What does a potential dinghy disaster look like?
Well, we nearly had a tragedy recently here in Boot Key Harbor. A guy near us fell out of his dinghy while it was running, and in falling out, turned the throttle to wide open. The dinghy spun in circles at full throttle.
He was lucky. He was right next to his own boat and was able to dive under it so that the dinghy prop didn’t hit him.
Dinghy Disaster Stories
Over the years, I’ve heard so many dinghy disaster stories. I know of one incident in the Bahamas about ten years ago where one boater was killed after falling out of his circling dinghy. And a rescuer was seriously injured. I’ve heard of very serious injuries, including a leg amputation, and numerous near-misses. In another case, the dinghy went straight and the driver was left over a half mile offshore . . . a long swim not to mention needing to replace the dinghy.
So let’s talk a bit about dinghy safety. And the safety gear that will help you avoid a dinghy disaster.
There is a simple way to avoid the problem of being hit by a runaway dinghy: wear the kill cord! If you fall overboard, it will pull a clip on the motor and it will stop instantly.
You can wear the clip numerous ways:
- Put it around your wrist or ankle. If it’s loose enough that it could slip off in an emergency, attach it to a Velcro strap and put that around your wrist or ankle.
- Clip it onto a belt loop or other piece of clothing.
- Clip it onto your PFD if you’re wearing one.
After dark, you simply MUST have at least an all-around light on your dinghy. I’m not talking about legal requirements (which vary by where you are), I’m talking about simple common sense.
Night after night, sitting in our cockpit, we hear outboards going by our boat – but cannot see the dinghies they’re attached to. Someone in another dinghy wouldn’t hear the outboard over their own.
And more than once, we’ve gotten within 10 feet of an unlit dinghy when driving our own after dark. Remember – if you have a low light and are sitting in front of it, you’re blocking that light from being seen and it’s the same thing as if you didn’t have a light on at all.
Several years ago, a friend of ours, with no light other than a headlamp, was run over by a high-speed boat in the USVI. She was seriously injured and might not have survived had it not been for a crew member who was able to keep her head above water until help arrived.
My favorite dinghy light, which we got just a few months ago, is the Mantus Dinghy Nav Light, which is solar powered and meets USCG requirements. It’s not cheap, but Mantus is having a 20% off sale through tomorrow with coupon code ES2023MM (Full disclosure: Mantus is a sponsor of TBG and I earn a bit on sales through this link but I recommend this light as being the best we’ve ever used . . . and I paid for it.)
A Luci Light (Amazon) or even a solar garden light (Amazon) is better than nothing. When all else fails, turn your phone’s flashlight on and keep turning it in a circle. But do something so that other boats can see you!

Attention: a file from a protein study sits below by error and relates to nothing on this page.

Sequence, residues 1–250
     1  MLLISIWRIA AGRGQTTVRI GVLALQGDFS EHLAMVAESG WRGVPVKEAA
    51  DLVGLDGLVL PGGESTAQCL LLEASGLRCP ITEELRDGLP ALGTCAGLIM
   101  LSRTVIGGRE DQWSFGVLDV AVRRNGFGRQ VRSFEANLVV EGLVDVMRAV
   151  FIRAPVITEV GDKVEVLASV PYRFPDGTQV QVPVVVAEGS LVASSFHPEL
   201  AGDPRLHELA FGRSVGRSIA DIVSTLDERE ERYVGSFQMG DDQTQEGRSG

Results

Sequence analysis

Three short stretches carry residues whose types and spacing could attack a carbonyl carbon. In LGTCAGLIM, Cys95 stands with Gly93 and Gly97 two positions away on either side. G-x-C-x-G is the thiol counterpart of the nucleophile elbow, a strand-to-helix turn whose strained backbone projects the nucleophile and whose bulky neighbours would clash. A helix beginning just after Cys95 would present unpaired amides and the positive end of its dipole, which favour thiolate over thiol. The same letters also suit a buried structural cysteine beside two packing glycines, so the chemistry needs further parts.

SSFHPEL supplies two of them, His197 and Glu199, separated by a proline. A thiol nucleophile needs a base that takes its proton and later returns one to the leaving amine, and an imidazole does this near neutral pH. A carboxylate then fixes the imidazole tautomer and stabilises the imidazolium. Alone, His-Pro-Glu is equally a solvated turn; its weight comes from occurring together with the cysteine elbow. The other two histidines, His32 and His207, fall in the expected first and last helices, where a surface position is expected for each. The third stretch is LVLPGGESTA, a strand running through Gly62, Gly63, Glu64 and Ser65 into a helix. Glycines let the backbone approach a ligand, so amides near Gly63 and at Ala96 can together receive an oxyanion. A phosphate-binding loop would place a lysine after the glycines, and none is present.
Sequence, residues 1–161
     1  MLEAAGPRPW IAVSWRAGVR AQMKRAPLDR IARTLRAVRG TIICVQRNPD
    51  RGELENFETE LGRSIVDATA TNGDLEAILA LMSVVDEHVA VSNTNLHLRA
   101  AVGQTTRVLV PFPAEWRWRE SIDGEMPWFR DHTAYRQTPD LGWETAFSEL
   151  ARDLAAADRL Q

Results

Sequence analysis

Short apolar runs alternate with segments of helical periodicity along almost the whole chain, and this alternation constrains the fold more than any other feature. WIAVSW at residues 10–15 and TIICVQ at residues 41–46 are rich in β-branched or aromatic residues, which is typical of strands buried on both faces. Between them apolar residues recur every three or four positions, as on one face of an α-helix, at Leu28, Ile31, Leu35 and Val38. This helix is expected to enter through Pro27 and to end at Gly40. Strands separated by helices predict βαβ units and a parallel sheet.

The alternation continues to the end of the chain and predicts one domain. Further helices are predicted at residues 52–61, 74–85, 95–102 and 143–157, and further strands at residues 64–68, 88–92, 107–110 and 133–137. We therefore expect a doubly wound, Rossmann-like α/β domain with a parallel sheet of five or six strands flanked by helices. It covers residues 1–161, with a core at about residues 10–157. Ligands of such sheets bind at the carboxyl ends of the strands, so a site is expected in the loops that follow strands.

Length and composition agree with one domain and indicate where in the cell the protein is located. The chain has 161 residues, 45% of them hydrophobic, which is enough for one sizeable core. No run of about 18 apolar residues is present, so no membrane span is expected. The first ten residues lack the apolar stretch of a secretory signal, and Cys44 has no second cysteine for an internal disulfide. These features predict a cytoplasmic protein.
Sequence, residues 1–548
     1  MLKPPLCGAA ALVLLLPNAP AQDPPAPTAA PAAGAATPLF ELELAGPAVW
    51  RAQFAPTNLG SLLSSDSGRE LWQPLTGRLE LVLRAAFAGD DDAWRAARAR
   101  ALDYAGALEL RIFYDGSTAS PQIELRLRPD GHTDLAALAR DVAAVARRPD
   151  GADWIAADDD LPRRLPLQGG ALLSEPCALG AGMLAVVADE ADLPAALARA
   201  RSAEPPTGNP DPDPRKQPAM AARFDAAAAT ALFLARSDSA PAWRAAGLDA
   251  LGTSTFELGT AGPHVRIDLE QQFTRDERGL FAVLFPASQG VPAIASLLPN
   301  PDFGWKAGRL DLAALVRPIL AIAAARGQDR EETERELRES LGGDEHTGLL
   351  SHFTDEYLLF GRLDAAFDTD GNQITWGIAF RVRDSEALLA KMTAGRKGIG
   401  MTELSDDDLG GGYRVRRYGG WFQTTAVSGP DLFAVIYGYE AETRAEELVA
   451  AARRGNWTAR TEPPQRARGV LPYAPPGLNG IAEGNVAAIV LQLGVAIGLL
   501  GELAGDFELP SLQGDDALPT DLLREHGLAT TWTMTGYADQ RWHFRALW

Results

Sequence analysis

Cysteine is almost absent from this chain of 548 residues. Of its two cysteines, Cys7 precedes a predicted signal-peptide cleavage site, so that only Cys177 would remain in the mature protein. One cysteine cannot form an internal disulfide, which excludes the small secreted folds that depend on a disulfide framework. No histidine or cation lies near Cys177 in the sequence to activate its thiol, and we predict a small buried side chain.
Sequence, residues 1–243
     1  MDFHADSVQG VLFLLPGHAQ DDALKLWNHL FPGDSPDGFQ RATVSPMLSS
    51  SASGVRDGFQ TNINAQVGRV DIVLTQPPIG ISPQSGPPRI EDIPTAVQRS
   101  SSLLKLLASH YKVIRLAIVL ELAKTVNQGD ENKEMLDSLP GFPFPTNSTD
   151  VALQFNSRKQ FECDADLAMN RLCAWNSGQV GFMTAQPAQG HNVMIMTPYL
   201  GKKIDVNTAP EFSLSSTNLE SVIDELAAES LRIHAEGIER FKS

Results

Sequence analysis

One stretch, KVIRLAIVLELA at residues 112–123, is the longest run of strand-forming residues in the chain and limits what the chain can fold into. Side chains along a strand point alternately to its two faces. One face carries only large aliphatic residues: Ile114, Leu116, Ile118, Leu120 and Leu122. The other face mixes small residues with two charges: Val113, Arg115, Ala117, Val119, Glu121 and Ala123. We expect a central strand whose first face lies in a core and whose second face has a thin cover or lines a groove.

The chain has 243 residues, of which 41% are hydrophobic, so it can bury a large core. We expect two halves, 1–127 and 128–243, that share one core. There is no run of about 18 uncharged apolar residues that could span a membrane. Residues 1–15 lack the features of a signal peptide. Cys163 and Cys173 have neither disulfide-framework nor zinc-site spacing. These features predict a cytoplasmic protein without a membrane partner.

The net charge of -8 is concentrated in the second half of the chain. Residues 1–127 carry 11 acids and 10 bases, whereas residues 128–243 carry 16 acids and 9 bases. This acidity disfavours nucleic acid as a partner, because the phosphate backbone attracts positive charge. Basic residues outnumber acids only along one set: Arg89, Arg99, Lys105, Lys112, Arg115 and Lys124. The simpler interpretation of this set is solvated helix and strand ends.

If you’re not familiar with outboard motors, a quick reference for what to do if yours stops or won’t start is crucial.
That’s exactly why I created our Outboard Troubleshooting Guide for Non-Mechanics several years ago. I’d say that over 80% of problems with outboards don’t require a mechanic or even taking the cover off the motor.
While these things seem simple to someone with years of operating an outboard, they’re not obvious to someone new. Grab a copy and leave it in the dinghy – it’s printed on material that is water-, sunscreen- and fuel-proof.
A Way To Get In The Dinghy From The Water
Don’t just assume you can pull yourself in if you go snorkeling or fall in. It takes more upper-body strength than you think, and some dinghies (particularly hard dinghies) can be very tippy.
Try your setup in a safe place before you really need it! And if you’re going to use a ladder of some type, make sure you can launch it from the water. If you go overboard accidentally when alone in the dinghy, you have to be able to get back in by yourself.
Other Items To Keep In The Dinghy
- Oars (it’s often easier to use oars as paddles depending on your dinghy)
- Anchor and plenty of rode. Don’t get swept out to sea if there’s a problem with the motor. We love our easily stowed Mantus dinghy anchor and rode.
- PFDs and a throwable
- Duct tape for patch or temporary bandage for a cut
- Handheld VHF; possibly cell phone in waterproof case. I like the Ugo waterproof case – it saved my phone when I fell in once. Use coupon code SAVE20BG for 20% off.
Bottom Line to Avoid Dinghy Disaster
We all worry about life rafts, ditch bags, emergency pumps, and so on. Basically, thinking about things that can go wrong with our “big boat.” The reality is that I know of far more people that have had major injuries or near misses in the dinghy.
Wear the kill cord. Get a light and use it at night. Have oars and an anchor ready to drop. Carry communications gear. Be able to get into the dinghy from the water.